Shout out to the original music by Beau Dixon and Music Director Franklin Brasz. Dixon’s fusion of twangy blues with classic spiritual, and Brasz’s direction of the cast’s choral work on Jacob’s Ladder, set the tone brilliantly and maintain it through scene transitions and incidentals.

A fine cast of actors takes on these disparate characters, all with their own unique storyline. The female characters are a joy to watch - whether faced with adversity or being the cause of it. These women are all well-defined and performed to perfection, mostly. As Fanny Johnson, the fiery landlady of the rooming house who pretends to belong to a better social class as a property owner while “representing her race in an approved manner”, Liza Huget is excellent, injecting humour, disgust, apathy, and judgement in equal measure. Ijeoma Emesowum as Mattie, a poor single mother with a husband away in the merchant marines, wonderfully portrays a woman beaten and struggling to make ends meet. Joella Chrichton’s portrayal of Lula Green, another poor woman who lost her first child in a tragic accident, is delicate and emotional.

As Julia, the uneducated, outcast seamstress, Antonette Rudder gives a brave and heartfelt performance that doesn’t quite hit the mark. I wanted more risk-taking in her portrayal. Julia is a poor black woman, rejected by her own race showing the strain of social isolation. But I didn’t see it. Her scenes with Herman lacked similar depth and subtly. Sadly, by the end of the play, I wasn’t as invested in her character’s journey and outcome as I was in everyone else’s.

Maev Beatty is compelling as Annabelle, sister of Herman, desperate to break free of her mother’s influence to marry the man she loves. Lucy Peacock is a marvel as Thelma (Freida), the racist mother of Annabelle and Herman, a social class pretender and supporter of the KKK. Her expert performance is authentic and compelling. Her shouting match with Julia over the theft of money from Herman’s wallet escalates into a verbal battle of racial insults so intense it leaves this reviewer breathless.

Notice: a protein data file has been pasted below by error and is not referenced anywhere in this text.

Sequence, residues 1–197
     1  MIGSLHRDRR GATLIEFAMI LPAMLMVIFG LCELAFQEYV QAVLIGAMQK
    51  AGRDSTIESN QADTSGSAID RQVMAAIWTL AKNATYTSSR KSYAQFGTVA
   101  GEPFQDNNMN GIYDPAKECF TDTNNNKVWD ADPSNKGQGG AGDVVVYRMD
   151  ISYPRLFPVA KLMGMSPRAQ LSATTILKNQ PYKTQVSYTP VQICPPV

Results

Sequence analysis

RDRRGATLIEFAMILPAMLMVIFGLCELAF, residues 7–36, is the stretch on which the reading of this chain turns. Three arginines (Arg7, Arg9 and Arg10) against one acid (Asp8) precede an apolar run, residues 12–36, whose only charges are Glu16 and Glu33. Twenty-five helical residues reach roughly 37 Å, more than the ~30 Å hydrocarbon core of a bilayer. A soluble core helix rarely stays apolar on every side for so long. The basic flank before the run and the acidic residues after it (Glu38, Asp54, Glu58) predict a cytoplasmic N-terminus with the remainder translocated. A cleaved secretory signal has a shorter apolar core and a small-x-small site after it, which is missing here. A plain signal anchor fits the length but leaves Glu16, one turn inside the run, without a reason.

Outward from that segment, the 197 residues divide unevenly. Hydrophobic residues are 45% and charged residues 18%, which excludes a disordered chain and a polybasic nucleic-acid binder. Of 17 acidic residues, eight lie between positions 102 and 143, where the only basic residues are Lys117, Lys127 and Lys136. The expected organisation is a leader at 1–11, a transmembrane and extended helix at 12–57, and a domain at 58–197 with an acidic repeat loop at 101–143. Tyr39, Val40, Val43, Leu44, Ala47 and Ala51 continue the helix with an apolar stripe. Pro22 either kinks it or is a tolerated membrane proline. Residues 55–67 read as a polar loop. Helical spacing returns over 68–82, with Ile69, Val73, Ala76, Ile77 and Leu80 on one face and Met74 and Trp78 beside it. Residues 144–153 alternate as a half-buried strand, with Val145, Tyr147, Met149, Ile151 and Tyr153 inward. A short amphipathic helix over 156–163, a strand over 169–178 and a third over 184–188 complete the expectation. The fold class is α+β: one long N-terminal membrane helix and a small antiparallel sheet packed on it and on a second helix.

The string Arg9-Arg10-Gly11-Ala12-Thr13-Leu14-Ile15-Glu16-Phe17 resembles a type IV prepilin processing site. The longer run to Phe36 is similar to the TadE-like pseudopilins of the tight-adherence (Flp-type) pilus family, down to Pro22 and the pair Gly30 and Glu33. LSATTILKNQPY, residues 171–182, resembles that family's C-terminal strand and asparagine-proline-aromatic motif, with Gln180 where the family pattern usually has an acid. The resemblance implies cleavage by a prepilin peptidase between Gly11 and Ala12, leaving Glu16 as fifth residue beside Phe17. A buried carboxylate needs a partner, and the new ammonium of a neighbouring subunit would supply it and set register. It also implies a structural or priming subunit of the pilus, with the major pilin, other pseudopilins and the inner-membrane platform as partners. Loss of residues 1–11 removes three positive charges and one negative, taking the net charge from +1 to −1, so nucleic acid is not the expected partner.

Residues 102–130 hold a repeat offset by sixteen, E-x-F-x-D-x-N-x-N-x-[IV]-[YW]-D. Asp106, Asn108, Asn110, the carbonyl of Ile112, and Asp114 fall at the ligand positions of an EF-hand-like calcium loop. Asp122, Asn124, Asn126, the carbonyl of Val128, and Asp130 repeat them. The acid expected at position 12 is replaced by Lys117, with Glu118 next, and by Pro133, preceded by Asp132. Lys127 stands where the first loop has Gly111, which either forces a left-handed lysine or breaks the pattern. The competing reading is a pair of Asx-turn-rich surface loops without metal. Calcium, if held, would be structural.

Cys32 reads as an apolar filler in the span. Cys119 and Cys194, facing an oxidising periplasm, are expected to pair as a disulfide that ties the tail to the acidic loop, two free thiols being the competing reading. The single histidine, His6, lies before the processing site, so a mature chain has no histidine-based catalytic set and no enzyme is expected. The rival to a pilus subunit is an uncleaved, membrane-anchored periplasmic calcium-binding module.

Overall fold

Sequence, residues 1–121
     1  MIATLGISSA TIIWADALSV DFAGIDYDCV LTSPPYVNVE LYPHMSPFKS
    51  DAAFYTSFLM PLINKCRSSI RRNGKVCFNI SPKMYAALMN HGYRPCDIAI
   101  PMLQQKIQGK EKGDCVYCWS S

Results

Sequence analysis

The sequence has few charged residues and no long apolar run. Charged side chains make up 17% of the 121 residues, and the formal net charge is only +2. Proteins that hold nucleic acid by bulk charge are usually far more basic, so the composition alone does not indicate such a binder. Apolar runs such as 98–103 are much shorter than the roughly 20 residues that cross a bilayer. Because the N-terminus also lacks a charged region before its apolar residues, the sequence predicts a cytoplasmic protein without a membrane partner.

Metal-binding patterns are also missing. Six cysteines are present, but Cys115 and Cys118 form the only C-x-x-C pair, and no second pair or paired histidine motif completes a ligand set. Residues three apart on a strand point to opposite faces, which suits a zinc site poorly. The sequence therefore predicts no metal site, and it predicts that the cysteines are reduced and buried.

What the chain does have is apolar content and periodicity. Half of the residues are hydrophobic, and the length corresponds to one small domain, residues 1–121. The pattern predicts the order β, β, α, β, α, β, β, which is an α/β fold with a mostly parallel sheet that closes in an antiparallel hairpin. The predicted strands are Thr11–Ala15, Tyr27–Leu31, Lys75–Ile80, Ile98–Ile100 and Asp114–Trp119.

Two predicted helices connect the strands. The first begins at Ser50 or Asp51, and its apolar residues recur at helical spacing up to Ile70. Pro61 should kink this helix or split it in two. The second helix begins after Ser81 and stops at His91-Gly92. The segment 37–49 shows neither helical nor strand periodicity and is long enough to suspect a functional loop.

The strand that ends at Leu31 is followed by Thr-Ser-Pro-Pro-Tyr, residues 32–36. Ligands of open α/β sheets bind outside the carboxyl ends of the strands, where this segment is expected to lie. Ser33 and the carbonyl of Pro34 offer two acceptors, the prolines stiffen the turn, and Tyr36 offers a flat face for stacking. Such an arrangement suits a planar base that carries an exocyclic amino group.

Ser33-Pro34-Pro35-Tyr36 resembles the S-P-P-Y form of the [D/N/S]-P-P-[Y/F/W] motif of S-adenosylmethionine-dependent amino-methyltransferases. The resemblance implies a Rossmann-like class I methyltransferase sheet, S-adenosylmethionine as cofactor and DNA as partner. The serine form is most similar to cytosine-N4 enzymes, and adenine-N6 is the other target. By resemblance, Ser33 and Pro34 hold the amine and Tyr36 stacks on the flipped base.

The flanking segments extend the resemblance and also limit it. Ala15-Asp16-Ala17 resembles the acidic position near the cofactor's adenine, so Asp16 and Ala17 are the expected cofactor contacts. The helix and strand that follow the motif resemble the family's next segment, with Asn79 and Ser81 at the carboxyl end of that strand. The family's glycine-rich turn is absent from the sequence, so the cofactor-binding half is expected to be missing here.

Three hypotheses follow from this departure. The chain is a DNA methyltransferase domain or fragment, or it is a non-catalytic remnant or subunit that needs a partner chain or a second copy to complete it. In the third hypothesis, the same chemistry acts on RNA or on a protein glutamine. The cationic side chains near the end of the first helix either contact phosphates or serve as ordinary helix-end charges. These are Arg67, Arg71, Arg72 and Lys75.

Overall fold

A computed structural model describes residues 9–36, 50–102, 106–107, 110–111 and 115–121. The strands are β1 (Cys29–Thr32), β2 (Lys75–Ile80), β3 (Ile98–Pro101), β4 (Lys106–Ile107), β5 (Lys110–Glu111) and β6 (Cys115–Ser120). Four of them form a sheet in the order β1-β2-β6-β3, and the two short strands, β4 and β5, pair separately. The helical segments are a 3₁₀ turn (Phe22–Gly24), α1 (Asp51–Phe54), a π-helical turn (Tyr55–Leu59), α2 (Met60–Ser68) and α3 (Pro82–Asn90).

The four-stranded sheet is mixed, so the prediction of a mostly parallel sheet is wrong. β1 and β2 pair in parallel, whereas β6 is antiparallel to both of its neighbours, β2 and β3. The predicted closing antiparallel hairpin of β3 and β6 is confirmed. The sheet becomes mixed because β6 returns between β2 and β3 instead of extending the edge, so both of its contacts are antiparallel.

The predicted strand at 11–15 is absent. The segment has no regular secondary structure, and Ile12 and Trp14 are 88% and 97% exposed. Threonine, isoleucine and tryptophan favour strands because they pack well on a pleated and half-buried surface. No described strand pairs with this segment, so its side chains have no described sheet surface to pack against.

Cyrus Lane as Herman embodies his role as the poor, hardworking baker who doesn’t see race, just people. He loves Julia, to be sure, but I wasn’t convinced she’s his soulmate. This was my biggest problem. Though White’s vision of colour-blind love is abundantly clear, the private bedroom scenes between Herman and Julia lacked subtle tenderness and natural passion. This couple has had a clandestine relationship for a decade, but my companion and I weren’t sold on their passion. However, an intimacy director is credited in the program.

As Nelson Green, the adopted son of Lula on leave from the trenches, Micah Woods is a revelation. This young actor’s work is a joy to behold, injecting the right amount of bravado, fear, and intimidation as a young black soldier with a dubious future. An exceptional multi-layered performance.

The rest of the cast - Aliya/Aria Anthony as Teeta, Jonathan Mason as Shrimp Man, Kevin Kruchkywich as Bell Man and Madison Taylor Mackenzie as Princess - handle their respective supporting roles with aplomb.

“Wedding Band” is thoroughly enlightening, relevant, educational, and entertaining. Its themes of racial injustice and intolerance, miscegenation, segregation, single motherhood, alienation, and loneliness amid a virulent pandemic, make me think nothing much has changed in America in 105 years.

But the beauty of this play is its simple message. It wasn’t written to victimize black people or make white people feel guilty. It was written to spotlight the history of black people, to remind us of the past so that we can (hopefully) enjoy a better future together.

Running time: approximately two hours and twenty-four minutes.

The production runs until October 1 at the Tom Patterson Theatre. For tickets, visit